If the intention is to write a balanced article on education, the questions above will be a good start.

  6. KG-1

    The overall tone of this piece is meant to portray those against schools of choice as some kind of roadblock to progress by insinuating they are somehow closed minded and racist, instead of looking out for their best interests of their own children’s education.

    Even this passing mention doesn’t bring any real balance to the overall article:

    “Few issues galvanize Grosse Pointers more than threats to their schools.
    And open enrollment – a key plank in reformers’ plans in Lansing – is
    seen as very threatening to a high-achieving suburban district that sits
    literally across the street from the low-achieving urban one in
    Detroit.
    Pointers (and residents of Harper Woods who live within its
    borders) pay higher taxes for their schools, overwhelmingly approve bond
    issues and support a foundation that spends money on them. Volunteer
    organizations abound for parental involvement.”

    If people like Ms. Derringer really wanted to get the the main crux of the argument against SOC, just ask the parents themselves from other school districts surrounding DPS, and who have followed the school of choice siren song (along with Gov Snyder’s “bribe” attached to it), what they think of opening their districts to those living outside of their district?

    She should specifically ask those districts how many students residing outside of their districts are not performing at grade level?

    How many of those students residing outside of their district are disruptive in school?

    And finally ask how much district resources have had to have been redirected from the instruction of students already residing within those districts, who actually want to be there and learn, to those families of students who don’t pay the taxes within those districts, so that they can brought up to grade level?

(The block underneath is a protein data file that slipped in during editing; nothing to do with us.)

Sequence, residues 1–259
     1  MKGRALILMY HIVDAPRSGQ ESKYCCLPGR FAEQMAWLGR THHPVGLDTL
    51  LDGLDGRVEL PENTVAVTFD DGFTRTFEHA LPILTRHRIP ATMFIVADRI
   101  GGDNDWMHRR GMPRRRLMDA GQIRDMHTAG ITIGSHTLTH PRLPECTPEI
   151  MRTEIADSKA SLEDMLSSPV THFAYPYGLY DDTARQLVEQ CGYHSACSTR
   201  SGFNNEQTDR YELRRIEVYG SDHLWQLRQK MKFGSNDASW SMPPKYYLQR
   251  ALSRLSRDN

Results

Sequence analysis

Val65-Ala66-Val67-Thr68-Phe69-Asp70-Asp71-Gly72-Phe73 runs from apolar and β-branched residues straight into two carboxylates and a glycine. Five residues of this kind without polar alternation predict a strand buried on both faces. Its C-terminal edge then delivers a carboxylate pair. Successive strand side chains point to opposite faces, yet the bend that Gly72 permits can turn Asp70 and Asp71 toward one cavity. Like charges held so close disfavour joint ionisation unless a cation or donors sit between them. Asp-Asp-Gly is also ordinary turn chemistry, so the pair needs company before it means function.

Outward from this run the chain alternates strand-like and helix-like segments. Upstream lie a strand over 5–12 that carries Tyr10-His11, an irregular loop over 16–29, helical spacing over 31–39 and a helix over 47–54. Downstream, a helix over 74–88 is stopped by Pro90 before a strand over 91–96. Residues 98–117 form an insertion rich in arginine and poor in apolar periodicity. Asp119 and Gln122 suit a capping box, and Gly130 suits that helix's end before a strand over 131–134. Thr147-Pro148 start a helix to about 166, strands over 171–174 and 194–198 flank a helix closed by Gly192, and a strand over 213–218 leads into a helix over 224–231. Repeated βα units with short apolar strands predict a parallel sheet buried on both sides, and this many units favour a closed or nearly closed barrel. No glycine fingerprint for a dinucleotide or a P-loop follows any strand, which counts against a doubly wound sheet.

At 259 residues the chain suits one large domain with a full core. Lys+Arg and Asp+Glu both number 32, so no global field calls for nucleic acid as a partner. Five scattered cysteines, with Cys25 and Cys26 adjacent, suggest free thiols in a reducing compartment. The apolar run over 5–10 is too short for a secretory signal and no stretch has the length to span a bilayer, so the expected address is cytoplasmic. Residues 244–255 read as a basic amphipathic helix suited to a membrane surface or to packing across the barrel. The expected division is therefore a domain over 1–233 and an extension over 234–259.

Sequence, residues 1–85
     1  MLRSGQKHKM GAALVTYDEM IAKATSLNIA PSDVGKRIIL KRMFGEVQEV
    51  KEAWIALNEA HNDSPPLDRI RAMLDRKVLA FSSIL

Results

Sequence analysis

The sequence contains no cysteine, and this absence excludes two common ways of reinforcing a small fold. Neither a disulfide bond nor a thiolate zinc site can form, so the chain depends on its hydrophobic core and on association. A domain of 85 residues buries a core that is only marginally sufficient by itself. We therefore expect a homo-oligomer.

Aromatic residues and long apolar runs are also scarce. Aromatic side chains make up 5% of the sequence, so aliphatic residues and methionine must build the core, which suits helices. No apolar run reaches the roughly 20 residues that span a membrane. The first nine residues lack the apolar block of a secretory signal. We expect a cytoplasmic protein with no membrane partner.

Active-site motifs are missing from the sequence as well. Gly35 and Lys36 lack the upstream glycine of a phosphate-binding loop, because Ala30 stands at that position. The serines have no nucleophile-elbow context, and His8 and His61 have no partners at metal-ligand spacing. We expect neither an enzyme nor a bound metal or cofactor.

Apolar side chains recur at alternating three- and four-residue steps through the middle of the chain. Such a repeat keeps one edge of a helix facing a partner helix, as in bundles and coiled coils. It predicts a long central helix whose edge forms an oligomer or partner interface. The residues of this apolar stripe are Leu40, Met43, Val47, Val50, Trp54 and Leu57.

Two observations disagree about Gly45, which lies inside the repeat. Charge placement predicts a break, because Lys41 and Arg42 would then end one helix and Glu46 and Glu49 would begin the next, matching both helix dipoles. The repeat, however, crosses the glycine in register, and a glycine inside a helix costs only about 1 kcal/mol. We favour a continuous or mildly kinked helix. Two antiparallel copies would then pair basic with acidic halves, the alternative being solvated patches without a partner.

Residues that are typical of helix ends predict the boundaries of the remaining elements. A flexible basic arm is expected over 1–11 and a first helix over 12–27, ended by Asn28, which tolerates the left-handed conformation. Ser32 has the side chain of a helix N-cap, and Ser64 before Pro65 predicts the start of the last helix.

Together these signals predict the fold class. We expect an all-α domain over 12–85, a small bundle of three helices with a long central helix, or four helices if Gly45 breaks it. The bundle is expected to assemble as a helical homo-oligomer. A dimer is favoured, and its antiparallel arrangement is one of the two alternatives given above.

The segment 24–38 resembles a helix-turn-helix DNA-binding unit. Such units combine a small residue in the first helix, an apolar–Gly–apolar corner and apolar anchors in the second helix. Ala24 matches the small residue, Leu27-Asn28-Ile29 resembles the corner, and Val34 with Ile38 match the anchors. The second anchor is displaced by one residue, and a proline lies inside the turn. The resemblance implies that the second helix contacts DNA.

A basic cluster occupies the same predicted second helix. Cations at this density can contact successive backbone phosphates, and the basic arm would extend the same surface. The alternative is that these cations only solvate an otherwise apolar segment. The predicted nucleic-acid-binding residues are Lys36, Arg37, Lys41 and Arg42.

If the intention is to write a balanced article, the questions above will be a good start.

  7. ***

    Does anyone have a link that lists all the school districts in Michigan that are not schools of choice?

  8. Lauren H.

    This article’s tone portrays those against SOC as racists and I am really upset about this. I am bi-racial and a product of DPS and a GP resident. I moved here because it’s quiet, beautiful, close to nature and it was my personal choice.

    I choose to pay high taxes so I receive quality schools and great city services. If GP became a SOC district, what would my taxes be paying for? Why would any of vote against SOC be because of race? If GP Schools choose to stay a closed district and taxpayers agree, then what business is it of anyone? If Detroit residents want their children to attend better schools, there are plenty of private schools and other open schools districts.

    African Americans worked too hard to have writers like Nancy make something out of nothing. It sets us all back.

  9. THIV

    THIV

    I believe Grosse Pointers are open to all people moving into our community and taking advantage of our schools as long as they share our values. The reality is that what once was a barrier to entry, housing prices, is no longer an issue. So whether you want to rent or buy, there are huge deals to be found in GP. Having skin in the game is important to weed out the users and takers (so if you want to attend our schools, antie up).The implication of racism gets stale. Snyder thinking he can drive SOC down our throats is ridiculous. He and his minions have duped all Michiganders on Proposal A. He promotes SOC as a free market principle yet he is stripping our locally elected school boards of any power. I would think pushing decision making down to the lowest level possible (example, local municipalities), is the most conservative of principles.- See more at: http://bridgemi.com/2013/06/fortress-grosse-pointe-in-world-of-school-choice-community-says-stay-out/#comment-101926

  10. THIV

    JJ,

    Please define the “real world” for me.

  11. Anonymous

    Like others who commented before me, I strongly believe the author is taking sides and I expect to see two words in big capital letters at the start of this article, OPINION PIECE.

    Tell us it reflects only your opinion, nothing but your opinion, or just refrain from cherry picking statistics and hearsay, which coincidentally happen to support your world view.

    Thank you.